As the materials priced are raw materials, the specifications do not change often. Consequently, adjusting for changes in the quality of the product is not an important concern in this index.
The composite indexes are weighted averages of the elemental indexes. For the RMPI, commodity weights are taken from the 1997 Input/Output tables which provide values at purchasers' prices of commodities purchased as intermediate inputs. Within individual commodity indexes, the prices are weighted according to their market share. If data are not available, the prices are equally weighted. Each December, product weights within a commodity index can be changed in order to reflect important changes in production
patterns. The entire weighting scheme for the RMPI is generally revised every 5 years.
Price indexes for about 130 individual raw materials, and aggregations into seven major groups and a total are produced.
The RMPI attempts to express, in a single number, price changes that involve a range of raw materials. There is no obvious, let alone absolute, way of perceiving what a composite price movement really is. For the RMPI, the fixed quantities of the commodities are proportional to the purchases made by establishments in Canada in the basket reference period, that is 1997. Consequently considerations about the quality of the RMPI relate to these concepts of composite price movements.
The statistical accuracy of this index depends on price and value data. Price data are obtained from a sample survey. Value data mainly rest on other sample surveys, such as the ASM and the input-output tables. Both kinds of input data are subject therefore to their own errors. Users concerned with the accuracy of the underlying input/output tables for 1997 and the ASM are invited to contact the appropriate Statistics Canada Divisions, the Input-Output Division and the Manufacturing, Construction and Energy Division.
The accuracy of the monthly commodity price quotations is maintained through the expertise of the commodity specialists. They develop a thorough industry knowledge, which is supplemented by outside personal contacts for particular industries. Much time and effort is devoted to detecting and following up unusual fluctuations in the monthly pricing patterns of commodities.
In this vein, the RMPI is closer to a typical survey carried out by Statistics Canada than it is to the Consumer Price Index, since part of the data is collected through a survey process. As such, response rates are important to the overall quality of the index, and in this regard the commodity specialists strive to ensure that the RMPI is well responded to.
The RMPI series is frequently used at higher and lower levels of aggregation. Both these levels of aggregations have their own strengths. For the higher levels of aggregation, the risk that sampling errors will affect the index diminishes when more price quotes are used in their calculation. This implies that raw material price indexes are likely to be more reliable for high level aggregations than for lower level aggregations, and for annual price changes than for monthly price changes.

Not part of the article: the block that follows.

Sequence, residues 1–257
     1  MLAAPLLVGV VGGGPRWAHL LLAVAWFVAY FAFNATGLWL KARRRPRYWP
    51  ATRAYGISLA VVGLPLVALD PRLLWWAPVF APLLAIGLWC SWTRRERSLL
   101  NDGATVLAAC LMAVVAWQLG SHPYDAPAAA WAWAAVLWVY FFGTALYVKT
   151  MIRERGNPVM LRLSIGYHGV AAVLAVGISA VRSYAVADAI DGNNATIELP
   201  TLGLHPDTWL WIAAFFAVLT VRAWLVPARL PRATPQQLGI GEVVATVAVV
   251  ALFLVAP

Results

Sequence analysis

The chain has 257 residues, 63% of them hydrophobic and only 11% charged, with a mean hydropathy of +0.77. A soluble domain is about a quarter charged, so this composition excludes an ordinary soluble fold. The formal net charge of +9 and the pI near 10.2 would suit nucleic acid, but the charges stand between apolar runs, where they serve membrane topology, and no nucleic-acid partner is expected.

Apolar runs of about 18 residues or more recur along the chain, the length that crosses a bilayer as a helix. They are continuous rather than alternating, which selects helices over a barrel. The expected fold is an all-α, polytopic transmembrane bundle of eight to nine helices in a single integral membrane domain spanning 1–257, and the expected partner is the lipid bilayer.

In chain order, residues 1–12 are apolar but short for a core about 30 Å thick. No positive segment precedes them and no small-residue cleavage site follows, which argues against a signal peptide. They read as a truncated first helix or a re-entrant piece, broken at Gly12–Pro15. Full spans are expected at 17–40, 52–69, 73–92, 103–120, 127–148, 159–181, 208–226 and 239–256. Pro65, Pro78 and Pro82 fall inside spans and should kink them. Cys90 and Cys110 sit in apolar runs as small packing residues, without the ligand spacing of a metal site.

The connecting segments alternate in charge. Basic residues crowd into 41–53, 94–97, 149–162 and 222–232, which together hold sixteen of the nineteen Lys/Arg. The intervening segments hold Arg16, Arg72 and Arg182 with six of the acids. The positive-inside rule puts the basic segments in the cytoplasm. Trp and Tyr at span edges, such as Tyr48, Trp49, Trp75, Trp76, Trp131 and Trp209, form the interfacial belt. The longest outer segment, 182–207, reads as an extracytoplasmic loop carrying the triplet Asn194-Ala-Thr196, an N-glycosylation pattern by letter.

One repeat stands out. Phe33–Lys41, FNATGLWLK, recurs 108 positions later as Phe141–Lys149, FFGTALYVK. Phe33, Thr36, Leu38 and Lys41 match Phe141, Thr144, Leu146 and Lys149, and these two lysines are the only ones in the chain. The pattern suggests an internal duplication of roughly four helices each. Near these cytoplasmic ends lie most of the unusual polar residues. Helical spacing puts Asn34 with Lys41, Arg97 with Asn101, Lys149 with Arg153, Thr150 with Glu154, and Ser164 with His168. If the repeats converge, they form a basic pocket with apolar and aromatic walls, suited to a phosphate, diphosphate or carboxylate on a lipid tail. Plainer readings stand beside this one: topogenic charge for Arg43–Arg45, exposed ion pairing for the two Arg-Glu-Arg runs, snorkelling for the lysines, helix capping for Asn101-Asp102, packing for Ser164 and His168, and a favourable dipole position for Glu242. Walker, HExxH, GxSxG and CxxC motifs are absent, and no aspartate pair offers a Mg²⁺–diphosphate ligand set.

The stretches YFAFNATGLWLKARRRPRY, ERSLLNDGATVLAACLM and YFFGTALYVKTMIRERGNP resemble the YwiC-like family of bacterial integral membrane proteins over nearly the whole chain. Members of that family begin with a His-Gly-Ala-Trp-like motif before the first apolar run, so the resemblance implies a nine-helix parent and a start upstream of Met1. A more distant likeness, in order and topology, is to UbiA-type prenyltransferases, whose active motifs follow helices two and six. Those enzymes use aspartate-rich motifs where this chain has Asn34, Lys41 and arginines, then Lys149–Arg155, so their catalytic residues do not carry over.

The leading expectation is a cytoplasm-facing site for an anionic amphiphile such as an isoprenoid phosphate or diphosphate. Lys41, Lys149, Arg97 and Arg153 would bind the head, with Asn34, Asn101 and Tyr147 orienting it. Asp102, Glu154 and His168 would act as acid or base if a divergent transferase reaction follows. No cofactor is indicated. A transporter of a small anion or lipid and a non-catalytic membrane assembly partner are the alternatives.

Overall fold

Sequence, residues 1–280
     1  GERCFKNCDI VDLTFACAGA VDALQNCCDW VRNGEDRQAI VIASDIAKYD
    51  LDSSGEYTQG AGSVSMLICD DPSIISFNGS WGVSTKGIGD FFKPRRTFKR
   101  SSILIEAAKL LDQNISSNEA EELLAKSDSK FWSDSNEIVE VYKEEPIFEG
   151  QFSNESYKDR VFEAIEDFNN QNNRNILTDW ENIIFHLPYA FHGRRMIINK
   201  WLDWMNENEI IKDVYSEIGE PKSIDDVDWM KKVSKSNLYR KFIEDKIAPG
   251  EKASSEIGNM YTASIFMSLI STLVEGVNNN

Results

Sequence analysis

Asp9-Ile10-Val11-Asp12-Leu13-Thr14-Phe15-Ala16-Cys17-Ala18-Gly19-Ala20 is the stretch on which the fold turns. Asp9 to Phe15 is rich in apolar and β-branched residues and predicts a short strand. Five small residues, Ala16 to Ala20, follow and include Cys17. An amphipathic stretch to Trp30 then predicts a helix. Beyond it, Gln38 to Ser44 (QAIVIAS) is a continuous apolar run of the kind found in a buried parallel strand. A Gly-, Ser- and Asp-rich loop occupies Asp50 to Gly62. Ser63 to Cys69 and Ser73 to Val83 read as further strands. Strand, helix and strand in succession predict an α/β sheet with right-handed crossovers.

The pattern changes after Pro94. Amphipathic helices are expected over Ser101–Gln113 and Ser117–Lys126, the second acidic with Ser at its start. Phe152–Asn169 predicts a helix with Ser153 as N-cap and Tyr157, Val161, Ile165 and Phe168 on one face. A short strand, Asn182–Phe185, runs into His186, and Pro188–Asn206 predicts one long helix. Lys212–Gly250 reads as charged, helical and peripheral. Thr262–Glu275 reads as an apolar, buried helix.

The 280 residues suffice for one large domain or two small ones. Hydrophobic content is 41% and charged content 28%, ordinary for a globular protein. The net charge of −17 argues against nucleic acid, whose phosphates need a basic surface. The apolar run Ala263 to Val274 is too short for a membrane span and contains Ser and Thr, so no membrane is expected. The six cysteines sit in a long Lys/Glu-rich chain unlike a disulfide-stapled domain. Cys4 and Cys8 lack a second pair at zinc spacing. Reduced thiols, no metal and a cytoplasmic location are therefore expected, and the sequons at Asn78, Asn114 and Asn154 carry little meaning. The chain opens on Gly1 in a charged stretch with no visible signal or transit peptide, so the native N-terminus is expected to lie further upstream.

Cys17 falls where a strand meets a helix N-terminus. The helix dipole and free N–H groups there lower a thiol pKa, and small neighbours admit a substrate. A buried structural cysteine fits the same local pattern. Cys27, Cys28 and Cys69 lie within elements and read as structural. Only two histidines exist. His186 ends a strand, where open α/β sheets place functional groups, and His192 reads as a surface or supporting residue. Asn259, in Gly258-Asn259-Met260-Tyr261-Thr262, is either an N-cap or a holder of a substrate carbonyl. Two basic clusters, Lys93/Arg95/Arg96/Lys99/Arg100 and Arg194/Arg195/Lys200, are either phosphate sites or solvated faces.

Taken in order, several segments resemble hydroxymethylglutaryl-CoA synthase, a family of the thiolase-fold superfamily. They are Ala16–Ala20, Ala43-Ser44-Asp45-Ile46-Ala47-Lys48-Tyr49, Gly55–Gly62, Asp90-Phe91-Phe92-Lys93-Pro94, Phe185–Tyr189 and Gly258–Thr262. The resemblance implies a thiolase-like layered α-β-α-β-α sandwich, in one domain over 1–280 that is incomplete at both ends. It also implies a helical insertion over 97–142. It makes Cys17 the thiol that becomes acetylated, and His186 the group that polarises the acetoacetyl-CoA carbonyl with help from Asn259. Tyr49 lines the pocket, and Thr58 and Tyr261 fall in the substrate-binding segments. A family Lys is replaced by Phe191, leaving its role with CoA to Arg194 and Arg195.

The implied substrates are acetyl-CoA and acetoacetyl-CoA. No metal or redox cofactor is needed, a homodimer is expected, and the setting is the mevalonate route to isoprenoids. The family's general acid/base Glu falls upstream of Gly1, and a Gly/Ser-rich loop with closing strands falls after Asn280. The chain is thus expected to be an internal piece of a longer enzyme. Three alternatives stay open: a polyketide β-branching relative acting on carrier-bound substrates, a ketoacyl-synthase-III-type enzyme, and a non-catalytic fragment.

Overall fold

In addition to sampling errors, raw material price indexes are also subject to errors in price collection and editing. This is also true when quality change occurs in the sample with regard to the estimation of pure price change. However, for raw materials priced, the specifications do not change often. Consequently, adjusting for changes in the quality of the product is not a concern in this index.
Statistics Canada is prohibited by law from releasing any information it collects which could identify any person, business, or organization, unless consent has been given by the respondent or as permitted by the Statistics Act. Various confidentiality rules are applied to all data that are released or published to prevent the publication or disclosure of any information deemed confidential. If necessary, data are suppressed to prevent direct or residual disclosure of identifiable data.
Collected data are converted to price indexes and data are released as such, so that it is not possible to identify the suppliers of raw prices.
Revisions and seasonal adjustment
Each release of index numbers is subject to revision for six months, (e.g., when the July index is released, the index for January becomes final). Exceptions to this rule are announced. However, revisions of the RMPI are, for the most part, very small (the average revision being plus or minus 0.2%).
The RMPI compares in percentage terms, prices in any given time period to prices in the official base period, which, at present is 1997=100. The official time base for the RMPI was changed from 1992=100 starting with the October 2001 reference month.
Though the RMPI uses a sample survey methodology to obtain the necessary information, confidence intervals are not currently estimated, due to the longitudinal nature of price index series. Indexes for higher and lower levels of aggregation are considered to be statistically reliable.